The Studio Museum in Harlem announced their 50th anniversary and plans to develop a grand new space on the founding grounds. This was great news for locals but for artists expecting to exhibit at the annual Studio Museum Exhibition this summer it caused a small panic. The semicentennial art institution avoided melee by also announcing they will host the annual event as planned thanks to an exciting new partnership with MoMA PS1.

For the first time since the museum’s residency program was instituted, the AIR exhibition will be presented outside the museum in another borough—Queens. The exhibition will feature new work by Allison Janae Hamilton (b. 1984, Lexington, KY), Tschabalala Self (b. 1990, New York, NY), and Sable Elyse Smith (b. 1986, Los Angeles, CA). All are pivotal in their contribution to the artistic dialogue of our time, reflecting cultural concerns, while challenging viewers and their preconceptions.

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“No danger in the water” by Allison Janae Hamilton (photo: Allison Janae Hamilton website)

MoMA PS1 is one of the oldest and largest nonprofit contemporary art institutions in the United States. It has a traditional museum structure inhabiting permanent works as well as designated spaces for traveling exhibitions.

MoMA is most known for promoting new ideas, discourses, and trends in the contemporary art scene.

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“Contrapposto Studies” by Bruce Nauman (photo: MoMA)

Modern art as we know it first began to evolve during The Enlightenment Era which brought about a liberalization of art, disrupting the elitist system’s exclusion of the common man. Prior to this, art works were prescriptive and relegated to religious imagery to enhance national sovereignty embodied by the monarchy.

With the Enlightenment Era artists realized they could break free from purely religious concerns to more secular matters. Artists appropriated the art exhibition format to show and sell their works and to create a reputation for themselves.

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The Gallery of Cornelis van der Geest (1628)(photo: internet)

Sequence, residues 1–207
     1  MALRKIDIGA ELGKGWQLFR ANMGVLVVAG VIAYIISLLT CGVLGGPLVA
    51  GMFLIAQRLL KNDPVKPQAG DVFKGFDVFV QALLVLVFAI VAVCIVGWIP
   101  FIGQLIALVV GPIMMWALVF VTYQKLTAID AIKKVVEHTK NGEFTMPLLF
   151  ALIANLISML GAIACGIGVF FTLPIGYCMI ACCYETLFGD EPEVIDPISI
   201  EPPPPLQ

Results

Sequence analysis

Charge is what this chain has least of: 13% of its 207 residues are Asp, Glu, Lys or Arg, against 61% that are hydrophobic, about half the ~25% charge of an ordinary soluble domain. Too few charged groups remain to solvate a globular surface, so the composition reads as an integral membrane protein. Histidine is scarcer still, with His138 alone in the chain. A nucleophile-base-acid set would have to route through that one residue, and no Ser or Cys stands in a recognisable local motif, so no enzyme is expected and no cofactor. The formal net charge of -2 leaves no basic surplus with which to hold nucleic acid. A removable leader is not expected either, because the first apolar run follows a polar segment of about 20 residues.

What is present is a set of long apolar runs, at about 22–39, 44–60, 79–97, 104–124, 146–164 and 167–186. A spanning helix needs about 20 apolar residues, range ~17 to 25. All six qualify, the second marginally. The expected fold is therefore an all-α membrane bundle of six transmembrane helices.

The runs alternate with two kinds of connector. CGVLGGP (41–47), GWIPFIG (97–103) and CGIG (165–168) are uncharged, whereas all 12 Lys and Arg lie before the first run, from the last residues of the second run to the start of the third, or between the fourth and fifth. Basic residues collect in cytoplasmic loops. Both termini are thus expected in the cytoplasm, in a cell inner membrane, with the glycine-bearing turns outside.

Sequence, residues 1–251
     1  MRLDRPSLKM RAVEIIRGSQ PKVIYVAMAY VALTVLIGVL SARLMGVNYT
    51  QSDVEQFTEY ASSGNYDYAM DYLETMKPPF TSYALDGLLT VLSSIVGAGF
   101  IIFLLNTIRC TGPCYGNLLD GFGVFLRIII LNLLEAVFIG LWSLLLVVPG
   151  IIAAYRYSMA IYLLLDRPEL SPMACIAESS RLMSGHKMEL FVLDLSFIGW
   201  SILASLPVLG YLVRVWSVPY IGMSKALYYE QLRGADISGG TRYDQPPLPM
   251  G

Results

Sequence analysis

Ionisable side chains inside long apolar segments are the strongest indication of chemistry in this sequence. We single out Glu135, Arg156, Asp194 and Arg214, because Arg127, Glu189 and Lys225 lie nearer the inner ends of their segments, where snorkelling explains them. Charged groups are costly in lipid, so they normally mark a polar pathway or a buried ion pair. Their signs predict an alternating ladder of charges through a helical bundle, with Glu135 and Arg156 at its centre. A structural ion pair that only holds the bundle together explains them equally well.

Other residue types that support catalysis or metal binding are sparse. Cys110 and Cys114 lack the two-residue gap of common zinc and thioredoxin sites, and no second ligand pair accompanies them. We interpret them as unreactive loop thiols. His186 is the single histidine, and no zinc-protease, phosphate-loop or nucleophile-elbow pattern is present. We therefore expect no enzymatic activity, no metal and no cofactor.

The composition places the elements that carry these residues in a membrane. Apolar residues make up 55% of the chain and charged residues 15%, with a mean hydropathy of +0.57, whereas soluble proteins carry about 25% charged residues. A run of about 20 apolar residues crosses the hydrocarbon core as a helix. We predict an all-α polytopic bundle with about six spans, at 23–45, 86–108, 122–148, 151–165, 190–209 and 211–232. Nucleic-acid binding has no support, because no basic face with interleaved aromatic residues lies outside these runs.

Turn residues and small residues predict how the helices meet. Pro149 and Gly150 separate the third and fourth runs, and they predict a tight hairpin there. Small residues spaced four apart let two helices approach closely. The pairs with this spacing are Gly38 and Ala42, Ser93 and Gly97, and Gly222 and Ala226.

Traditional art institutions like MoMA PS1 and the Studio Museum in Harlem continue to use art exhibitions the same way.

The contemporary art works they feature hold a mirror up to society, reflecting its interests and concerns while at the same time challenging its ideologies and preconceptions.

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“Untitled” Maurizio Cattelan, 2017 (photo: MoMA)

Both spaces focus on contemporary art, but the Studio Museum in Harlem provides a rare space for Black artists to represent their political or aesthetic position as Americans.

The upcoming inaugural installation of Studio Museum at MoMA, organized by the Studio Museum in collaboration with The Museum of Modern Art, will be curated by the Studio Museum Director and Chief Curator Thelma Golden.

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“Kampala Su” by Michael Armitage. (Photo: Michael Armitage Website)

The first exhibition in this new series will feature the work of Michael Armitage and will open on June 9, 2019 in the new MoMA location.

Posted by:Nichelle Cole

Nichelle Cole is the founder & creative director of The Fashion Plate magazine. A respected writer, stylist and influencer, she has been published in fashion magazines around the world.

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